A year later, WaPo wonders: What happened to the Hopenchange?

Now, the mood through much of the nation seems restive, even sour. It is almost jarring to look at the photographs from Grant Park, to study those upturned beaming faces, many streaked with tears. Was that a movement? Or just a moment?

In a series of conversations before and after the State of the Union address, fervent Obama voters and former campaign staffers said they still are committed to the president and support his policies. But many are experiencing what generations of the politically passionate have learned over the years: Campaigning is fun; watching the person you’ve elected engage in the long slog of governing, less so. Some are working for his ideas. Some have struggled to find a way to engage. And for others, their passion was deep but brief. When Obama took office, they went back to their lives…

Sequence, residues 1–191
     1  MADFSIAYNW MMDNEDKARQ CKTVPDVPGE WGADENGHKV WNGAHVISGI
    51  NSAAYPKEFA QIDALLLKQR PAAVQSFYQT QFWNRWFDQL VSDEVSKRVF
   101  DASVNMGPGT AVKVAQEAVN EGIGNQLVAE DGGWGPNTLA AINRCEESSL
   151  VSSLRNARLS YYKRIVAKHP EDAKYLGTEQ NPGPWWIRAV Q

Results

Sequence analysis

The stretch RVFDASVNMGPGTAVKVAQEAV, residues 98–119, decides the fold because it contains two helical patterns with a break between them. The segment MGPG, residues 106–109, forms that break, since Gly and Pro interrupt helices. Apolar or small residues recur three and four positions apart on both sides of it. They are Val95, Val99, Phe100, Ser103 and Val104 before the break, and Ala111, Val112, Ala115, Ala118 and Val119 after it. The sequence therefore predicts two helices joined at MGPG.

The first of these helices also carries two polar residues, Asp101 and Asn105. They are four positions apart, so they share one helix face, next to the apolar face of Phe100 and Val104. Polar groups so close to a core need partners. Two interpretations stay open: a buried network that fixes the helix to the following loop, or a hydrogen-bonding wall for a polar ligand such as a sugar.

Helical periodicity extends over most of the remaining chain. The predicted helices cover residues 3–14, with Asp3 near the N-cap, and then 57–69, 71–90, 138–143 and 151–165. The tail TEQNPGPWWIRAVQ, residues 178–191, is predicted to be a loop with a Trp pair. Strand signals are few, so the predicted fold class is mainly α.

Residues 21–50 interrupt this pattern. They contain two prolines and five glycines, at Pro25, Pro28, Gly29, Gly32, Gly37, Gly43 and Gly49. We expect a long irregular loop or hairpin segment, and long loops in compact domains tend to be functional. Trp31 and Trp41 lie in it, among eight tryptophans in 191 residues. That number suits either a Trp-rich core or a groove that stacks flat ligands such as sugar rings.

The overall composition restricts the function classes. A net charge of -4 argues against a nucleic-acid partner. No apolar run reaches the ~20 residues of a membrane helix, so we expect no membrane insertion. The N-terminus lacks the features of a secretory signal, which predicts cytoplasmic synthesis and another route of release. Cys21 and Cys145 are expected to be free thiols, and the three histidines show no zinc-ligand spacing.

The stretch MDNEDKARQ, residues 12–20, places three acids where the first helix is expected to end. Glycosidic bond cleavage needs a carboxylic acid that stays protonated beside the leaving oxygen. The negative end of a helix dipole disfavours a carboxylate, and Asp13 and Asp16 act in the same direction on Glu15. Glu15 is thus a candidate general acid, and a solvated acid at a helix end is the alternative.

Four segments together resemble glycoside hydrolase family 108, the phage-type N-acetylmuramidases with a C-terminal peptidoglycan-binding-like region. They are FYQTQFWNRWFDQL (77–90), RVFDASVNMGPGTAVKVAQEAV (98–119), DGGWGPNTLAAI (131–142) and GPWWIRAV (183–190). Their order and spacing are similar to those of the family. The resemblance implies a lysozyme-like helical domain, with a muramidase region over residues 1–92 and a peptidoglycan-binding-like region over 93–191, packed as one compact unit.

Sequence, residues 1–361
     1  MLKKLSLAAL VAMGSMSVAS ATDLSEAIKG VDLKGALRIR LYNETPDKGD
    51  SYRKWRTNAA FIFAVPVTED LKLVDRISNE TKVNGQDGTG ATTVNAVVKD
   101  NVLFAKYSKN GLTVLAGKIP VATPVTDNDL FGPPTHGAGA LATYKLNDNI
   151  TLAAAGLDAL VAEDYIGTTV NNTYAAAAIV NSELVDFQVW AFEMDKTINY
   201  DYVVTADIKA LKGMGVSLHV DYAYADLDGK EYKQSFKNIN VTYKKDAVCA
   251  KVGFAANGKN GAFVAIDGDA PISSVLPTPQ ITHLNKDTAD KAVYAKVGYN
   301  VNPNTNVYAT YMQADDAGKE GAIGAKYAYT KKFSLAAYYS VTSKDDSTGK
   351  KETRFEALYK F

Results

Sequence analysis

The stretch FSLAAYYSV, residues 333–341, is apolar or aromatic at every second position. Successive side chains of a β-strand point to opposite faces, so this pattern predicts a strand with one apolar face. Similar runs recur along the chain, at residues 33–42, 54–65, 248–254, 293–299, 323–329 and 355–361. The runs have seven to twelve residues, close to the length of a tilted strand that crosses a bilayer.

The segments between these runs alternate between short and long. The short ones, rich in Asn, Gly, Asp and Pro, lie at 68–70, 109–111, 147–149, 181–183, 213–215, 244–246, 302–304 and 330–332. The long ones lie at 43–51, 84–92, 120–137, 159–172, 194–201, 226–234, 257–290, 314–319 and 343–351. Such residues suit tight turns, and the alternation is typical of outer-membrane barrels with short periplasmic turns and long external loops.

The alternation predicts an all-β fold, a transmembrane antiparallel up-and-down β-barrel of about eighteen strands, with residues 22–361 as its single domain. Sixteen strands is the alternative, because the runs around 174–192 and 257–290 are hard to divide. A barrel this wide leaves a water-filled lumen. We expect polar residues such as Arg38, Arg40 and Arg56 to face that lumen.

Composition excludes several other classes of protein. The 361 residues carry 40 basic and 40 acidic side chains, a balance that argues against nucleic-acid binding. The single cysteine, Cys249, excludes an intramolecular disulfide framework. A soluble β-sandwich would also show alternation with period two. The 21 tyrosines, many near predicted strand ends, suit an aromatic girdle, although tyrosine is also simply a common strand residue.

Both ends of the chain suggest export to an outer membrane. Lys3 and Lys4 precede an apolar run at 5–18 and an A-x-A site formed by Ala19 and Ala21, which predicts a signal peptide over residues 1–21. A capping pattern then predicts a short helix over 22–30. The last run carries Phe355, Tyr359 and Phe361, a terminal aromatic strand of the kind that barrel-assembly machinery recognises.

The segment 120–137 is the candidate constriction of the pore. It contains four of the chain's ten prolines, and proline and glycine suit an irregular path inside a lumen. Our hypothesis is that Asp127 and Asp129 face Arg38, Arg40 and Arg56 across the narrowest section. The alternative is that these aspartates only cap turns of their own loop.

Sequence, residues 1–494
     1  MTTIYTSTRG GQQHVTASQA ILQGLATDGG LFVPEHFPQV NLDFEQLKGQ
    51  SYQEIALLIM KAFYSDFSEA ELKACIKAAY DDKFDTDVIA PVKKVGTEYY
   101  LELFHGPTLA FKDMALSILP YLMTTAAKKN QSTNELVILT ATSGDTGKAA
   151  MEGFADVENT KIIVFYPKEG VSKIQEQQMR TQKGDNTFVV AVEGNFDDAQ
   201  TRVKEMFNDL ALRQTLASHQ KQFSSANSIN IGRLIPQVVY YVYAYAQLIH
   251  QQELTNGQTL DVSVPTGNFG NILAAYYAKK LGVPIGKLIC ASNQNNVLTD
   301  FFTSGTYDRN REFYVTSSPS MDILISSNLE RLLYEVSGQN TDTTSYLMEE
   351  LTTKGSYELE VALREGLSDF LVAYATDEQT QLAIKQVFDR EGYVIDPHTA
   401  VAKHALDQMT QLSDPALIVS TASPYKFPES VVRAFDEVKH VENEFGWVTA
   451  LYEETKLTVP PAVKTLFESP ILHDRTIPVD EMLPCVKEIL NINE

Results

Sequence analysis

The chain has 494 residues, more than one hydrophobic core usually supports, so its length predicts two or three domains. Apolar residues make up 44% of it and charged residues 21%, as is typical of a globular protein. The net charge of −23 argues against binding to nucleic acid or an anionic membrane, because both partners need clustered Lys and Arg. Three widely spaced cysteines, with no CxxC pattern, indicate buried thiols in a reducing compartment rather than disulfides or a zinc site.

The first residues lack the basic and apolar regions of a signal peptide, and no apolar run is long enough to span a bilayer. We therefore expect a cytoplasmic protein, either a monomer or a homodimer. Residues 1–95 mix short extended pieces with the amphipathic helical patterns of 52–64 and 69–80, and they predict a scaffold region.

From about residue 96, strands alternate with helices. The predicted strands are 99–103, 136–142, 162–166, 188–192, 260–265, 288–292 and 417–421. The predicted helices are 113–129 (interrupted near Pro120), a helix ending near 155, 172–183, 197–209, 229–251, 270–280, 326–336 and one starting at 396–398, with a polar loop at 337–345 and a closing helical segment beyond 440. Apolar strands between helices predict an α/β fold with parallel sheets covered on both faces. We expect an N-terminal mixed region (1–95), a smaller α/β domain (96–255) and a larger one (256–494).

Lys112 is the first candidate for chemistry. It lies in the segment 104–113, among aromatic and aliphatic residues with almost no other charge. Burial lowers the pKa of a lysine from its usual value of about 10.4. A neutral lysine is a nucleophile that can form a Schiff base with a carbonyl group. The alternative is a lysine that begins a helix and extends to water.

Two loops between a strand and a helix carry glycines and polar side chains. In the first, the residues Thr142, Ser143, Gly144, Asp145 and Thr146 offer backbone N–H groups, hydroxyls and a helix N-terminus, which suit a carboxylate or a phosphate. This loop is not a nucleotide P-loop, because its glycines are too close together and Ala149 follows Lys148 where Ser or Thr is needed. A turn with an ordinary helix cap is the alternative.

“To be an activist is a lifestyle,” says Jenn Watts. She was Shimm’s boss. An Irish Catholic girl of 22 with a Fordham education in philosophy and urban and African American studies, she started as a fundraiser in the District, then went into the field in Iowa and followed the primary trail — Minnesota, Texas, Wisconsin. She helped organize the national convention in Denver and went home to Indiana for the finale.

Then she crashed. “I was malnourished. I was delusional. I hadn’t slept,” she says. She moved to Washington and began competing with fellow staffers for White House jobs. “I saw some people who turned into different people. I felt naive about it. We were all one big progressive happy family, I thought, and now it was, oh, this was about you and your career?”